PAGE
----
Europe Bets Big on Chinese Tourism but should leave to the States their marketing strategy

Chinese family - China Elite FocusIn a press event hosted by upcoming travel trade fair ITB China and its Chinese joint venture partner TravelDaily China, Europe laid out its plans for greater efforts to boost tourism between China and the EU.

Eduardo Santander, executive director of the European Travel Commission (ETC)—which represents European national tourism organizations—said that the European Commission is making huge investments in the 2018 EU-China Tourism Year. Santander argued that Europe as already reached the “awareness phase” in the Chinese market, and that the challenge now is to enhance Chinese consumers’ understanding of Europe as a destination. Santander also emphasized that Europe needs to understand the Chinese market better, and to look beyond the large cities in East China.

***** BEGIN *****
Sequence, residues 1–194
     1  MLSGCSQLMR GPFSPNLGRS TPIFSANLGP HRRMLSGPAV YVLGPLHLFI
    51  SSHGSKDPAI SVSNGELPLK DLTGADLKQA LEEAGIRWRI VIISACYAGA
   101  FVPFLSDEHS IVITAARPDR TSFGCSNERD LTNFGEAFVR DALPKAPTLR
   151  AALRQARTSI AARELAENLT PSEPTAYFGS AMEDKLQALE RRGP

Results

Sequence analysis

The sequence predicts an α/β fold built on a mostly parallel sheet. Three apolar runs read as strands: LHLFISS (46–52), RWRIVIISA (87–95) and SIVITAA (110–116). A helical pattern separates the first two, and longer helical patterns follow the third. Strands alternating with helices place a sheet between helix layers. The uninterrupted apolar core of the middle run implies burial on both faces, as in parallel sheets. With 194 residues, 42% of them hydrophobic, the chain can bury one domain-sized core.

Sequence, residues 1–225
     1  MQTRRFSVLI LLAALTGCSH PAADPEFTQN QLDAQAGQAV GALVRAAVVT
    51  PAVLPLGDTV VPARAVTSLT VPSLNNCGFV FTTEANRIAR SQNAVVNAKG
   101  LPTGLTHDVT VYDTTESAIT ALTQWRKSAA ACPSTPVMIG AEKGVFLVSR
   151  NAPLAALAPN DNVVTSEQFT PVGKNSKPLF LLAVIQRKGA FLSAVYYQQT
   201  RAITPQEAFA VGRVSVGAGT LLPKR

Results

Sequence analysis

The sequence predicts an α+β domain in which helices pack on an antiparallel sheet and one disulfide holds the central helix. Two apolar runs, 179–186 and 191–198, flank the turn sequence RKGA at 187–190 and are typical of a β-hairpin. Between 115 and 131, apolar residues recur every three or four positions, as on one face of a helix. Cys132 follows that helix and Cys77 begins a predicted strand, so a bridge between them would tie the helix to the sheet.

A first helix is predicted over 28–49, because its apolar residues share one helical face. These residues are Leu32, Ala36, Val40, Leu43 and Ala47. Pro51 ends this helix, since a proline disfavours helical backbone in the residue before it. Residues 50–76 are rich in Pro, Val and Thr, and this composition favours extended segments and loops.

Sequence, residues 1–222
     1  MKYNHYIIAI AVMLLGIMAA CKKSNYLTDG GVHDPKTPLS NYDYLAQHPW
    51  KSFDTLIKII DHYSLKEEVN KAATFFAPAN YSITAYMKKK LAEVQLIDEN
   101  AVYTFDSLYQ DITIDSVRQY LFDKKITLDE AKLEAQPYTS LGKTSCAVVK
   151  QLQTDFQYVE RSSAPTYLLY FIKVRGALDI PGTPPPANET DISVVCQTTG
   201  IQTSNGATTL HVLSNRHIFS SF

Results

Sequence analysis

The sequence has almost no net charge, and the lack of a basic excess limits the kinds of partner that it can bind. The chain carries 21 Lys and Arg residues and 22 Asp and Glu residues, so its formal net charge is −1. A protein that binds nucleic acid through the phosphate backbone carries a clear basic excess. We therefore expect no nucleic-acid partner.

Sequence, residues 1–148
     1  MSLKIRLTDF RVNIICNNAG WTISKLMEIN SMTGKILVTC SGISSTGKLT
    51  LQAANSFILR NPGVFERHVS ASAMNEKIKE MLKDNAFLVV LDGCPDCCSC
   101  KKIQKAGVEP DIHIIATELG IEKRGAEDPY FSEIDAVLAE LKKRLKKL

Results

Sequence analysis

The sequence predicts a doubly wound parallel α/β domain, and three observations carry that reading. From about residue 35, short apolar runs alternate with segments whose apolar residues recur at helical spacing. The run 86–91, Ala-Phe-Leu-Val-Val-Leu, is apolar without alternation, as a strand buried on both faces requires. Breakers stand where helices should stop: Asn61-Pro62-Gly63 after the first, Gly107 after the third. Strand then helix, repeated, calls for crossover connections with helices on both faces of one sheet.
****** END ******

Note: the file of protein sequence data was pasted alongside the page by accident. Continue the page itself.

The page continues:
Even though the EU-China Tourism Year still lies a year into the future, efforts are being made to enhance the promotion of Europe as a destination already in 2017. ITB China, the Chinese counterpart of ITB Berlin—the world’s largest tourism fair—is hosting Visit Europe as its official partner destination for the inaugural event in May 2017, and outlined further collaboration during the tourism year in 2018.